By Kevin O’Connor
History remembers Ross Powers as the first American man to win snowboarding’s Olympic gold medal. But the Vermonter himself recalls a hardscrabble childhood as a prodigy in a sport few had yet to hear of.
“My mom, being a single parent, was sometimes giving up groceries to let me do the local events,” he says.
The resulting story is the stuff of legend: The Londonderry native, riding for fun while his mother stocked the cafeteria at the neighboring Bromley ski area, was 9 when he first competed in the U.S. Open championships at nearby Stratton, 19 when he won a bronze medal at the 1998 Winter Olympics in Nagano, Japan, and 23 when he topped the podium at the 2002 Salt Lake City games.
So much has changed in the nearly four decades since television’s “Today” show joked about winter-weary Vermonters starting to — cue laughter — surfboard on snow. Just ask the sport’s first boy wonder, who, now 38, is a husband, father and snowboard program director at his alma mater, Stratton Mountain School.
“I still can do most of the stuff I used to,” he says, “yet I’m learning some new tricks.”
The Green Mountain State has prided itself on cultivating Winter Olympic champions since its first gold medalist, Rutland skier Andrea Mead Lawrence, landed on the cover of Time magazine in 1952. Back then, training was as simple as afternoon practice on a hometown hill. But today, equipment, schooling, travel and entry fees can cost upward of $40,000 a year.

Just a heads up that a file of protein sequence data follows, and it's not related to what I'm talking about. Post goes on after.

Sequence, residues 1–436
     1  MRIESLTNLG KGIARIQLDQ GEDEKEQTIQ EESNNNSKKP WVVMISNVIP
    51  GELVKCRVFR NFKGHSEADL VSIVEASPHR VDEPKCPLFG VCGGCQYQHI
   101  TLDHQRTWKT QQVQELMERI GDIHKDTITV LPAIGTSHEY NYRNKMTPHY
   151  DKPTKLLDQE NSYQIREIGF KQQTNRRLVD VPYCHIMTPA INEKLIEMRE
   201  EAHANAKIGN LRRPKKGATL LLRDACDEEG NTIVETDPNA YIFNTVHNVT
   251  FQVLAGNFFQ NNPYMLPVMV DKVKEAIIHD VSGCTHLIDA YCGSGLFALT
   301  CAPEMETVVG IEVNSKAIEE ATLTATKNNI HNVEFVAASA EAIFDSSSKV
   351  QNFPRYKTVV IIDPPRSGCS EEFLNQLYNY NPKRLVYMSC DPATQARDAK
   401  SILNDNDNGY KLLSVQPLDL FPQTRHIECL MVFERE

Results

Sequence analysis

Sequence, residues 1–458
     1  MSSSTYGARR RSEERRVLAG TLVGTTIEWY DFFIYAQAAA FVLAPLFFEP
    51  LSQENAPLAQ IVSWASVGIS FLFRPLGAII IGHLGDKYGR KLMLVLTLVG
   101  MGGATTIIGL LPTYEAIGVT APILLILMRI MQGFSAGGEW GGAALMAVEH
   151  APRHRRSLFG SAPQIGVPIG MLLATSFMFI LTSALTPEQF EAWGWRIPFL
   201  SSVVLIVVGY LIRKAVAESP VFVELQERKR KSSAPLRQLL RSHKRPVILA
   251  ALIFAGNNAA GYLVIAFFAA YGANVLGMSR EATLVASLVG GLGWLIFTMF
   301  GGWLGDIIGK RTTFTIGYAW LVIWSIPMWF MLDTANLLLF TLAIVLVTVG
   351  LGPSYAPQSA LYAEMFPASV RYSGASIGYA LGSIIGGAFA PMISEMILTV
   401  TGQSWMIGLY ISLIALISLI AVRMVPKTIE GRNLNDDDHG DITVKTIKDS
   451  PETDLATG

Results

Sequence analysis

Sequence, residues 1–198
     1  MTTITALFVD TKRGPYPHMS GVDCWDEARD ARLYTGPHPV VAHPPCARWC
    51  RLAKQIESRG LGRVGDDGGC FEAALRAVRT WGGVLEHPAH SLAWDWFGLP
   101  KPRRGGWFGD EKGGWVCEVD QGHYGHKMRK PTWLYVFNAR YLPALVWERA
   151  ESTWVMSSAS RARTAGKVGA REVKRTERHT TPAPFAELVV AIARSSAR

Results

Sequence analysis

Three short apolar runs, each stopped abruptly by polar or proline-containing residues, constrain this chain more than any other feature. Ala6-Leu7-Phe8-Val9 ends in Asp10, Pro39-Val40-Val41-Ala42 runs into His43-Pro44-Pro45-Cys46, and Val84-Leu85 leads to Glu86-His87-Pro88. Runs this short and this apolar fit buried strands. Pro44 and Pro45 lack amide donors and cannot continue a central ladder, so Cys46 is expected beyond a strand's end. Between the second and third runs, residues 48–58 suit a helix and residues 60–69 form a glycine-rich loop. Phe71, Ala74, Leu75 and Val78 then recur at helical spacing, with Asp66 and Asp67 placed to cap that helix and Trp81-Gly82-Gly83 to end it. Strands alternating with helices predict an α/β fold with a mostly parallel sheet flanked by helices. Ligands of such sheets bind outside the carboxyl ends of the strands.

Powers understands the pressure. Still competing when he’s not coaching, he won the men’s pro division at Stratton’s most recent Vermont Open. His only better recent score: Convincing fellow Olympians like swimmer Michael Phelps to collaborate on a Level Field Fund for aspiring athletes whose talent outpaces their finances.
“I don’t think I was the best when I was a kid,” Powers says, “but I worked harder than anyone else. I believe the more time you put in, the better you’re going to be.”
That’s why the Vermonter who long has inspired his peers is now investing in them, too.
When Powers was born Feb. 10, 1979, a local transplant named Jake Burton Carpenter had burned through $100,000 trying and failing to sell snowboards out of his garage.
People had yet to “surf” cable television or computers, let alone mountains.
That didn’t stop Powers’ mother from giving her 7-year-old a Burton Elite 130 for Christmas. She figured it would occupy the third-grader and his younger brother while she worked at Bromley. Powers immediately took the board outside for a test drive, despite the unseasonably drenching rain.
“I remember only one other skier out there, and some of the people watching me in the windows were laughing,” he says. “But from that day on, that’s what I loved to do.”
By fourth grade, Powers was good enough to compete in the burgeoning sport’s then-biggest event, the U.S. Open (a Stratton staple from 1985 until its move to Vail, Colo., in 2013). His teacher brought his whole class to watch. What they saw and heard was unlike anything in a textbook.
Snowboarding down a halfpipe? No, you’re not sliding on broken plumbing, but instead on a snow-lined canal with curved walls you can shoot up and over. Want to make the grade? Trade old-school thoughts of A, B and C for “amplitude” (height), “rotations” (spins and flips) and “standard airs” (other tricks).
Powers was a quick study.
“My goal was to be a pro snowboarder,” he recalls, “but at that time I didn’t really know what a pro snowboarder was.”
Powers simply figured they had to be successful, since then U.S. Open champ Andy Coghlan could afford to give him a pair of gloves. Patching together similar support from family, fans and business sponsors such as Burton, Powers won his first national title at 15, first world championship at 16 and a bronze medal at 19 when snowboarding made its Olympic debut at the 1998 Winter Games in Japan.